without Internet Explorer,
in 1280 x 960 resolution
The sad thing about this album is that, unlike most other Manowar albums, it actually has some pretty good ideas strewn throughout; unfortunately, they're rarely nurtured in a way that would make the songs enjoyable enough to listen to all the way through. Sure, if you cut out all of the quality sections, you might have fifteen minutes, give or take, of good music, but it would hardly be listenable like that. If you expected another Hail to England, you're definitely going to be disappointed, though it does at least have some energy to it, unlike Into Glory Ride.
Two things, at least, are in top form here. The production, unlike that of the previous album, is quite good, with a strong guitar, strong vocals, and nice, solid drums. Adams is, as usual, in top form, sounding just as good as he did on the last three albums (for a more in-depth description of his vocal delivery, check out my review of Hail to England). Unfortunately, this also features one of the biggest faults of HtE; the godawful bass solo. This time titled "Thunderpick", we are once again subjected to three minutes of some of the worst shit ever recorded; just a mishmash of seemingly random notes, strewn together actually somewhat masterfully in the least enjoyable way possible; it actually takes some skill to make something sound this shitty.
Thankfully, the rest of the album isn't quite as abysmal. The rest of the songs basically fall into three categories; crappy AOR a la Battle Hymns, ballads, and decent epic power metal. "All Men Play on 10" and "Animals" fall into the AOR category, with few riffs and boring, poppy vocal lines, these songs have very little substance and elicit very little response. They are entirely skippable, with no redeeming qualities. The ballad of the album is "Mountains", which is also quite skippable, with little energy and plodding, meandering riffs a la Into Glory Ride, although in the ballad's defense there are a few good ideas towards the end of the song, they're just discarded almost as soon as they arrive, discarding any sort of structure in favor of the directionless mess we're presented with.
Finally, there are four songs that don't utterly suck, including one song that is actually excellent. "Guyana (Cult of the Damned)" is decent, a song about Jim Jones and his cult that committed mass suicide via poisoned kool-aid; while the material is interesting, the song is pretty inconsistent. There are epic parts of the song, but ultimately it just sort of drones on; overall it's not particularly good, with few good riffs or vocal lines. The vocals towards the end of the song do have some energy to them, thankfully, but it's not enough to make the song as a whole worthwhile. The title track is of similar quality, with a promising opening but just not enough substance to make it enjoyable overall. "The Oath" is marginally better, with good vocal lines and a slightly more epic orientation, the song is reminiscent of Virgin Steele's The House of Atreus: Act II, albeit a bit worse. However, it's worth at least an occasional listen, has some good soloing, and is mildly enjoyable.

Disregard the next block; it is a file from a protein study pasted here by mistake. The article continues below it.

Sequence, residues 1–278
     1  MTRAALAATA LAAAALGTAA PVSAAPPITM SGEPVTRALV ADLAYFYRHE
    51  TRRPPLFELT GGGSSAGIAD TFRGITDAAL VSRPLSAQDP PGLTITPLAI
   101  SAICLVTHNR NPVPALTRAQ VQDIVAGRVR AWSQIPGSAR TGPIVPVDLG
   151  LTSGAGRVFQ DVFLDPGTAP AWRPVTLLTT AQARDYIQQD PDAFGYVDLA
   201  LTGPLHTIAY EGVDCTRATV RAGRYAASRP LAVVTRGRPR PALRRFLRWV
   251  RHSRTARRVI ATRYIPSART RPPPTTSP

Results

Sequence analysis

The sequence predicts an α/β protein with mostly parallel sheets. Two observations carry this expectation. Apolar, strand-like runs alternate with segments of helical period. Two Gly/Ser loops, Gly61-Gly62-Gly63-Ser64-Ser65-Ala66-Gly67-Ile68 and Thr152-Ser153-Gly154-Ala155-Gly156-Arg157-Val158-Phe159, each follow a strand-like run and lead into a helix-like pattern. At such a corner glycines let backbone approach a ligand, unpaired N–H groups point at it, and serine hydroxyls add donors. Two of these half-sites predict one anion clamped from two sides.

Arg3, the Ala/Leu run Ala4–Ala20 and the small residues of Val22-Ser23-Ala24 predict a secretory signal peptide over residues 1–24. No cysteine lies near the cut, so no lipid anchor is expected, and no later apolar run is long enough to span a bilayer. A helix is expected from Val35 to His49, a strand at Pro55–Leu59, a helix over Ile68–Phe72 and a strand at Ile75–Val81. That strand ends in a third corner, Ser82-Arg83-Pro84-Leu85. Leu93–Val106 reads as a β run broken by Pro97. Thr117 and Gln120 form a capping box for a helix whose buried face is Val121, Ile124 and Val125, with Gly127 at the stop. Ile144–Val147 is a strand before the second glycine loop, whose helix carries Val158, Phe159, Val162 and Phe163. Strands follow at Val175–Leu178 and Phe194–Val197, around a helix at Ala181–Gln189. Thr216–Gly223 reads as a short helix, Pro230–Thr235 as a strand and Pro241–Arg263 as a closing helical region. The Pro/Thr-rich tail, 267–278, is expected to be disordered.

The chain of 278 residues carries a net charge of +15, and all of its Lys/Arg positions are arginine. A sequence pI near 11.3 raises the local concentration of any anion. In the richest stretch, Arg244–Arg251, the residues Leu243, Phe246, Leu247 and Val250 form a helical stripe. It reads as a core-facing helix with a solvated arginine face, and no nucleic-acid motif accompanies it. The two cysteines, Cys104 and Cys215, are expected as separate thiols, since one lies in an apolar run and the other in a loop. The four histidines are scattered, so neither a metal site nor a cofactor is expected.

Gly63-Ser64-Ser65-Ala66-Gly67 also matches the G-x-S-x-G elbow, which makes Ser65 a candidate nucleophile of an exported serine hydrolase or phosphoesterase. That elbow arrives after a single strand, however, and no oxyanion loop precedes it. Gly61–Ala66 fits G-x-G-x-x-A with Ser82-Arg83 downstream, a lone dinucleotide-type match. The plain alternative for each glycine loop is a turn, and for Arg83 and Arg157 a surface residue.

"Thor (The Powerhead)", thankfully, is quite epic, and easily stacks up to the best material on Hail to England. Great riffs, great vocal lines, a great chorus, this song is the epitome of what Manowar should have been, creating a wonderfully glorious atmosphere that leaves the listener wanting more. Unfortunately, even an album of this quality isn't consistent for Manowar, and it would be the last "good" album they would release, before descending into complete and irredeemable shite with the follow-up. Sign of the Hammer marks Manowar's dying breath, although, to be fair, they'd been on the brink of death since they began their incredibly inconsistent journey in 1980. Listen to "The Oath" and "Thor (The Powerhead)", and then go check out some quality epic power like '90's Virgin Steele!